I would say the single best piece of advice we got before leaving for Ireland was to rent the smallest car possible. To say the roads in Ireland are narrow is an understatement and that’s just the beginning. No guard rails, no signs warning of hair pin turns, roads that look like someone’s driveway but have an 80 kilometer per hour speed limit (50mph), add to that driving on the left side of the road and the right side of the car, oh and don’t forget to shift with your left hand. This may sound like a nightmare to some but to us was half the fun of our trip. The first day was a little nerve-wracking but it didn’t take us long to realize that the Irish are way better drivers than Americans. They don’t text and drive, they actually pay attention and there is no fear of a Hummer coming at you and rolling your ass over. So, we got used to flying down a road about as wide as a McDonald’s drive through at 50mph and when you see oncoming traffic you come to a halt (easy to do in a go-kart size car), each of you pull as far over into the bushes as possible, squeeze past each other with approx. an inch between your mirrors, then hit the gas and go about your merry way. On day one I would have easily bet a few thousand dollars that we’d be returning our car with at least one major dent if not several. On day eight we pulled into the Avis lot with nothing but a flat tire in the trunk. Amazing.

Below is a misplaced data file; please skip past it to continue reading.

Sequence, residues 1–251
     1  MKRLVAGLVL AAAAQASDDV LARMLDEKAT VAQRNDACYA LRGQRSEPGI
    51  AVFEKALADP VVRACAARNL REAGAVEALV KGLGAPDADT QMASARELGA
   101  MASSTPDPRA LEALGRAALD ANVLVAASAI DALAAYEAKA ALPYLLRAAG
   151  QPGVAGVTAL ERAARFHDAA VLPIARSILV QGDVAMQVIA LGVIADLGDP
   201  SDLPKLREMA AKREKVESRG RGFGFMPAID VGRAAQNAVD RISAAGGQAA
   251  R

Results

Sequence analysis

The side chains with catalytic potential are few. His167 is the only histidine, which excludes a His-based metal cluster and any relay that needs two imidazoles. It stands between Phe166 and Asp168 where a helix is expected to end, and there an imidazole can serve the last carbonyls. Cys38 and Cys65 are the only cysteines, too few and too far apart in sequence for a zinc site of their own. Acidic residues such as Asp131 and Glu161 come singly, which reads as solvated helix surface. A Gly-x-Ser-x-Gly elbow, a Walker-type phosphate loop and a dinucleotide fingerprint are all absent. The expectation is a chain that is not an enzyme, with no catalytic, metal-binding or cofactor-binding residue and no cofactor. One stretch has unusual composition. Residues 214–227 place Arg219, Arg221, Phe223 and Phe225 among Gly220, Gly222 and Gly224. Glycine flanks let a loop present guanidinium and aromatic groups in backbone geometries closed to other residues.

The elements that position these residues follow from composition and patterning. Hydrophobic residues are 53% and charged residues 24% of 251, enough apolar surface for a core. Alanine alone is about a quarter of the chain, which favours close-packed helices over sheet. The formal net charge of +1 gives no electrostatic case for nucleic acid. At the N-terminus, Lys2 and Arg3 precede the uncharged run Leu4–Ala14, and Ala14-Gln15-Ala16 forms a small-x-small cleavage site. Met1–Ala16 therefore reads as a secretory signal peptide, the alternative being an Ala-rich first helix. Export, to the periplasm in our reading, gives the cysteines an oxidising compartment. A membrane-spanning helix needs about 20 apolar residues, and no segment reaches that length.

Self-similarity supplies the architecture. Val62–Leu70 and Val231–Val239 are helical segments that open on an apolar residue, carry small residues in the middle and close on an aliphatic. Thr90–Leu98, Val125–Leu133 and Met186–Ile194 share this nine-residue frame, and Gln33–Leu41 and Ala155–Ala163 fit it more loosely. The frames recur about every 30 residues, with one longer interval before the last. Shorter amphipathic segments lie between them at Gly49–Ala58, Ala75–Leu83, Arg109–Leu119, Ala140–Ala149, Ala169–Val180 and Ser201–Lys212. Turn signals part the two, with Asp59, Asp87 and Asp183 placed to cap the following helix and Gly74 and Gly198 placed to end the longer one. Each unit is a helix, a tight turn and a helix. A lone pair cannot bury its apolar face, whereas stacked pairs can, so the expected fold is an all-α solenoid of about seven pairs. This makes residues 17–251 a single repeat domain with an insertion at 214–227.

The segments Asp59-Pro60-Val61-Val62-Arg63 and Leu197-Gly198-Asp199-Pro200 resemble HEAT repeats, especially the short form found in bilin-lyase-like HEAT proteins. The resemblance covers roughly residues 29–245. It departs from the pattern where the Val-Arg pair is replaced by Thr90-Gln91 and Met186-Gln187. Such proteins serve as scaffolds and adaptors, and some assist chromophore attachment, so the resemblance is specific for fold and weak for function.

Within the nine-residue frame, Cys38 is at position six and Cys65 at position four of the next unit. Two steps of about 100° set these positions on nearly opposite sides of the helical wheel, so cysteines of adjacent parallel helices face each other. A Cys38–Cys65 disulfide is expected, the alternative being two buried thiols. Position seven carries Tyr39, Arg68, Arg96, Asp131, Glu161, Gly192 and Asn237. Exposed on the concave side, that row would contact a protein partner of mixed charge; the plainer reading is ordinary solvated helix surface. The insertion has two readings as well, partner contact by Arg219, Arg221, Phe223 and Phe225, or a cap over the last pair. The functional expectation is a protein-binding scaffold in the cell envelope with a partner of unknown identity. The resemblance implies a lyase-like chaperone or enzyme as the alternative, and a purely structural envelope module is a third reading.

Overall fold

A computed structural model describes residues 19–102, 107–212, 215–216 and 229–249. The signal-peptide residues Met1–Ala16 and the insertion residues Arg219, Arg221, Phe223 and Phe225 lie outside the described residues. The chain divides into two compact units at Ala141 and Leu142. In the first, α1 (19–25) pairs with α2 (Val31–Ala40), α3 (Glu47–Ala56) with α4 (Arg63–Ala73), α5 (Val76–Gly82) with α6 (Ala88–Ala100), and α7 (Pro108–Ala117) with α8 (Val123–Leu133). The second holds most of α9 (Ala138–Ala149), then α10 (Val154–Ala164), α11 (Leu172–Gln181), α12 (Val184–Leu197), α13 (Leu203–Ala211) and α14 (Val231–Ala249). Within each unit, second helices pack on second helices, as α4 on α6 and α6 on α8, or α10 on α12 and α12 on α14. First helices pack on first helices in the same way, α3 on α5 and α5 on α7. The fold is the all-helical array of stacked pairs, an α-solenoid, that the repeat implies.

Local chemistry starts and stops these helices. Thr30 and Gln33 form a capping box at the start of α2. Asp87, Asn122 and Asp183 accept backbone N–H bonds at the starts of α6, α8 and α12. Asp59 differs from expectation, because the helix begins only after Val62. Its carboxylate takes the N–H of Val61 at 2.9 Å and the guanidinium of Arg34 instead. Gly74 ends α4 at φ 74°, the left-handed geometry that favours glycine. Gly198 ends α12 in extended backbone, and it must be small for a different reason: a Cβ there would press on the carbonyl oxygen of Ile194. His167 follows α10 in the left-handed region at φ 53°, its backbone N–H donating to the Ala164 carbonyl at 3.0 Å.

Killarney National Park was beautiful. While Mark found the patience and nerve to balance his camera on a rock for 8 seconds at a time to get cool waterfall shots, I took pictures of him taking cool waterfall shots.
Cool waterfall shot : )
After exploring all day by car, we walked the streets of Kenmare our 2nd night. A dreamy but sleepy little town.
Our B&B for night two. The Shelburne Lodge.
I thought this was a common occurrence in Ireland but only saw this once. Had I known I would have taken a better photo. Hilarious nonetheless.
Look very closely towards the bottom of this image and you’ll see a long line of sheep trekking along the mountainside.
This is the Beara Way, the highway that circles the Beara Peninsula. Apparently this road is packed full of tour buses in the summer. One of the many reasons we like to travel during the off season.
More sheep scaling the mountain side.
Yes, that is a two way road.
Again, a two way road and a main road that is used often.
Just oncoming traffic. No biggie.
Stay tuned, there’s more!